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Author Topic: 9th Oct, 2022: Melbourne, Australia: Pterygium, No Guard, DFFDL, Grafted Soma  (Read 419 times)
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re:evolution
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« on: September 23, 2022, 07:31:00 AM »

Harmony Syndicate presents CLUTCH (featuring Pterygium, No Guard, DFFDL, Grafted Soma)

The Harmony Syndicate is proud to present a new series in heavy electronics, comprising four established and up and coming Victorian artists.

Grafted Soma will be making their debut performance after a long hiatus from recording.

Reduction group label owner and Melbourne sound maker DFFDL will also join the line-up, bringing waves of lush noise ambient.

No Guard will exercise charge with his aggressive, cold and clinical take on power electronics.

Finally Pterygium will display new works from his recent Cloister Recordings album released in January 2022.

$15 - Cash door sales only. Limited capacity.


https://www.facebook.com/events/1097515241126928/


« Last Edit: September 23, 2022, 07:32:52 AM by re:evolution » Logged

noise receptor: sound with impact - analysing the abstract
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« Reply #1 on: October 02, 2022, 12:17:01 PM »

Anyone got a link to NO GUARD? 
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« Reply #2 on: October 10, 2022, 01:05:33 PM »

The Harmony Syndicate & Nighthawks presents:

CLUTCH
Featuring: Grafted Soma / DFFDL / No Guard / Pterygium
Nighthawks Bar, Collingwood, Melbourne, Australia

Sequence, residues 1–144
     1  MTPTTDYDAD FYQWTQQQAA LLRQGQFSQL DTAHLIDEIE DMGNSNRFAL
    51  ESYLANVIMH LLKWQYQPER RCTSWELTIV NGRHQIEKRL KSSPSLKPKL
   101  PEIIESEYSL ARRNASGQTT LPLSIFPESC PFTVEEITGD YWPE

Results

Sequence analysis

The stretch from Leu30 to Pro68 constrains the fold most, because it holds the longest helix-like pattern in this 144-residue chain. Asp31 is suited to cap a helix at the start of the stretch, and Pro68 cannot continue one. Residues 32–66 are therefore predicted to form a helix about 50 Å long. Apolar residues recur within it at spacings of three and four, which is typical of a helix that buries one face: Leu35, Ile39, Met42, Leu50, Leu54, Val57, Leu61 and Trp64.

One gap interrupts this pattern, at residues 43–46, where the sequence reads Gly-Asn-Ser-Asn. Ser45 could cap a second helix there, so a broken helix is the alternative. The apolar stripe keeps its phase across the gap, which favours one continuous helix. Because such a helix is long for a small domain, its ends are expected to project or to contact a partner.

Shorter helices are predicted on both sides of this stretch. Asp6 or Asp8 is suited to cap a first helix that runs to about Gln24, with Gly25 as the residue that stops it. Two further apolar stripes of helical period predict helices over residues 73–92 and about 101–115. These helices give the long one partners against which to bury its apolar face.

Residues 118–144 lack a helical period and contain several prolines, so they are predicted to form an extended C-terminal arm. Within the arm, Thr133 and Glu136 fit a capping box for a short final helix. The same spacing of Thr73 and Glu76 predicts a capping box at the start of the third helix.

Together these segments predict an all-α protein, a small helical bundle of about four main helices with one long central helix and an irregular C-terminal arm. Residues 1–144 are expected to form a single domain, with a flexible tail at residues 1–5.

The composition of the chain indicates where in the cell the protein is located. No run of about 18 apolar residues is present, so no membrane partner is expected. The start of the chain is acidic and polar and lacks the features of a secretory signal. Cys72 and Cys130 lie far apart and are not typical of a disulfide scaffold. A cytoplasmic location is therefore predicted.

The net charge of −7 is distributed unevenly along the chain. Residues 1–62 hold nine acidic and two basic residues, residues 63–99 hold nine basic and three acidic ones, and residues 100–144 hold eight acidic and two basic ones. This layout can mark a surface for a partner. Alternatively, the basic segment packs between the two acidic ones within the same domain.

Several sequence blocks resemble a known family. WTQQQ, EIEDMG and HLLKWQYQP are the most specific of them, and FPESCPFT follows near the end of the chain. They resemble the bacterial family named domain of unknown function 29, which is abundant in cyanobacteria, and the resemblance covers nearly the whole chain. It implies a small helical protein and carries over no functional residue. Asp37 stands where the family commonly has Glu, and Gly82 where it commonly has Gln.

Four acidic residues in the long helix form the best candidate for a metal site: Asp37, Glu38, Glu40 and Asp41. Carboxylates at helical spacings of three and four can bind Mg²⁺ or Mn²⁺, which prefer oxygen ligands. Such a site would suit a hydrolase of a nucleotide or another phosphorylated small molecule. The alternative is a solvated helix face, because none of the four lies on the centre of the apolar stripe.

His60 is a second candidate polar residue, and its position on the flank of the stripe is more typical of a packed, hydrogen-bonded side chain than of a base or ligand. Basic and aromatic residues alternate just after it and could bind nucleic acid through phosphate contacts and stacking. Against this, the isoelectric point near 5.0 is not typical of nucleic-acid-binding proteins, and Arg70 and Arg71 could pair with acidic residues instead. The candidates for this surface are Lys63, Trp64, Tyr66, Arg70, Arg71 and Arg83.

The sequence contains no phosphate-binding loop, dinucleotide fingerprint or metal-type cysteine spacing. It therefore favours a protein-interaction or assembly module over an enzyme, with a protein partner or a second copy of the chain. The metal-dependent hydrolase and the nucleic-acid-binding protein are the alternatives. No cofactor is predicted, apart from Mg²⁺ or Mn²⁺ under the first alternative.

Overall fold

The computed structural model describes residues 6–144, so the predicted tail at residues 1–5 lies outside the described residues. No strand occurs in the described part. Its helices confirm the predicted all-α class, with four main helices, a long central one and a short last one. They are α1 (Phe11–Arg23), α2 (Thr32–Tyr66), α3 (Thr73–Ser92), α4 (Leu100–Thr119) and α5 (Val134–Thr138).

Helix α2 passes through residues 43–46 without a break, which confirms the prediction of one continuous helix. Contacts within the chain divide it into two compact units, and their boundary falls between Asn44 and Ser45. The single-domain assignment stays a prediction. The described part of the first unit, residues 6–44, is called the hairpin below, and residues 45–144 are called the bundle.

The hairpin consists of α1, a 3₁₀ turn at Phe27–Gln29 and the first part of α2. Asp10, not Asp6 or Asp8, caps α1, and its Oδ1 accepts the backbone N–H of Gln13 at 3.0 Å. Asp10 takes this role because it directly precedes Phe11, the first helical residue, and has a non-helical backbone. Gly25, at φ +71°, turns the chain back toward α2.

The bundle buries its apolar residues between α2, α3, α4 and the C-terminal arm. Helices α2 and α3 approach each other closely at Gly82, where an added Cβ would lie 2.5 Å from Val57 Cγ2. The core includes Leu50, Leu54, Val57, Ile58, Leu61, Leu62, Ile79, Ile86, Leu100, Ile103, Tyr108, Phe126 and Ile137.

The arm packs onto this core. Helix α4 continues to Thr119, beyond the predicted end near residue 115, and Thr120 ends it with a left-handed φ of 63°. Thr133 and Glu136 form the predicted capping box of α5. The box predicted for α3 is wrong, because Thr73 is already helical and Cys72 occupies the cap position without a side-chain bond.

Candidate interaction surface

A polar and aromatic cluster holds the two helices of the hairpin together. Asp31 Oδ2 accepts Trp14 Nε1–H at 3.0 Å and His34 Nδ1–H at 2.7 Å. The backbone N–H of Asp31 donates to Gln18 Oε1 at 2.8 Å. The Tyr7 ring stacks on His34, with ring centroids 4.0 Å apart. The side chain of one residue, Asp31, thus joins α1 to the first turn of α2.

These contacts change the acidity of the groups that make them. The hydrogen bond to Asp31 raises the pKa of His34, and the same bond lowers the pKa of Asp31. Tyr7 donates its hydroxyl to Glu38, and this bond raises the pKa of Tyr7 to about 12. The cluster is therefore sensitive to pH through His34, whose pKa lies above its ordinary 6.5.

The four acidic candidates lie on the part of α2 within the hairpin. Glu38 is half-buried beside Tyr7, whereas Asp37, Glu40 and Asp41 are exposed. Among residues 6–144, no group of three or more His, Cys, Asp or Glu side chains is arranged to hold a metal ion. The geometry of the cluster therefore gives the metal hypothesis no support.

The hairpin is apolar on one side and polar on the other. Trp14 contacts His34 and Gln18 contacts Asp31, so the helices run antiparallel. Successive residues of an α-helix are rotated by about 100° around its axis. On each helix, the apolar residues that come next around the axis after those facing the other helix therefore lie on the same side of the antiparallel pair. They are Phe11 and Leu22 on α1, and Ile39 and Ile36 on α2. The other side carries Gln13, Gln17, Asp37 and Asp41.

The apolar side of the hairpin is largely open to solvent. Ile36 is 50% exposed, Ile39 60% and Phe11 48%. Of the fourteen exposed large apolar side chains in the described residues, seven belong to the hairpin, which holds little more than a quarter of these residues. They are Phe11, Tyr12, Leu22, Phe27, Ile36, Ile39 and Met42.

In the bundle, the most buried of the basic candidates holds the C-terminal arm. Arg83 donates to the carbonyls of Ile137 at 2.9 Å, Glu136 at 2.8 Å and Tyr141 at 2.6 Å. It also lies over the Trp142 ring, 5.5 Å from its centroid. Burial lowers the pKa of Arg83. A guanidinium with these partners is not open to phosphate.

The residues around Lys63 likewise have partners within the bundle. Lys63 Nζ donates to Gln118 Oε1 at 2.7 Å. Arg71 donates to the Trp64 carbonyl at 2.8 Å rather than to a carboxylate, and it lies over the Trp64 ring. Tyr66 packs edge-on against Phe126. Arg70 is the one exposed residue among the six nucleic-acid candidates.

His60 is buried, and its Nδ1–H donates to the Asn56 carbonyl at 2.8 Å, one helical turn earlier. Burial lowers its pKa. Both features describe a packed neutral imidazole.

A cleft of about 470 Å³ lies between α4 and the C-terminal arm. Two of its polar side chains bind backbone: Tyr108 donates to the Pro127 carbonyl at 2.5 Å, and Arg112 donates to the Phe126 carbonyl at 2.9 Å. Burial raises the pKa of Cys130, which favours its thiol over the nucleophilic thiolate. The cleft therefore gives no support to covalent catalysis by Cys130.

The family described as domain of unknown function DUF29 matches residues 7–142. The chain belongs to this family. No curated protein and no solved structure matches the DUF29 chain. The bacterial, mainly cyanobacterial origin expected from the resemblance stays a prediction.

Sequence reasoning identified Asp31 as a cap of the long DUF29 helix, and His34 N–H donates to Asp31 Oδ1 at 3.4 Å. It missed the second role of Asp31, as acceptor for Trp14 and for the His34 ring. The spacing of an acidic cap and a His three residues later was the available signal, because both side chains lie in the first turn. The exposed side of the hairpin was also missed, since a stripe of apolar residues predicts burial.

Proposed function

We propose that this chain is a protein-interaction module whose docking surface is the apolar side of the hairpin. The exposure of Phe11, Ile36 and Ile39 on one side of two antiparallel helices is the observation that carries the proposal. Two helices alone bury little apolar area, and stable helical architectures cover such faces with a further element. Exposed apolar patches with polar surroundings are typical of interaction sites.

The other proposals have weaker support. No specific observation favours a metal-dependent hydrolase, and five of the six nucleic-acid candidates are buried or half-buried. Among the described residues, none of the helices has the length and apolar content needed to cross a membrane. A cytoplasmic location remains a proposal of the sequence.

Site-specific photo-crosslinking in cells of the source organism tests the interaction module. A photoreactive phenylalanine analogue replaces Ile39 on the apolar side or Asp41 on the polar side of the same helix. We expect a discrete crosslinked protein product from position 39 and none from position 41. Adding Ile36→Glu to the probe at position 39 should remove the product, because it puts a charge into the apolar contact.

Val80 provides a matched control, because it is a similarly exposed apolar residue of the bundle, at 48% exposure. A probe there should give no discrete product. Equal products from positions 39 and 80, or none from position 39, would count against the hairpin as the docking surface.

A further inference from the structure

09 October, 2022

With a quiet Monday night here, I thought it an opportune to scribe down some impressions of last’s nights show, which is as much a part to acknowledge an excellent evening of post-industrial sounds, as well provide a recorded document of local live activities.

Of the four acts slated to play, Grafted Soma kicked things off in the early evening. As a duo, they were armed with one member on a modular synth rack, and the other manning a table of other noise gadgets. Through this equipment, the sound charted a flowing but clearly controlled post-industrial and grit infused dark ambient style. Projected backing footage was noted to be taken from a current affair reporting of an infamous late 1990’s serial killing spree in Perth, Australia, where the perpetrator was only caught and convicted in recent years. Although it was far from obvious of whether the set was directly referencing the visuals, the backdrop at least provided suitable visuals to concentrate on as there was minimal stage presence on display. But sonically speaking. Grafted Soma presented a solid and strong start to proceedings.

DFFDL followed next, where I had zero expectations of what was to come. In the end I very much appreciated the 30 odd minute flowing set of melancholic drone / ambient / noise. With a strong and central undercurrent of harmonic noise infused drones, it brought to mind that particular vein of dour yet uplifting melancholia present in Justin Broderick’s more ambient works (i.e. Jesu and Pale Sketcher). But rather than sounding as ‘songs’, DFFDL’s, approach was very much more rooted in an underground experimental flow. A surprising and very enjoyable introduction to DFFDL.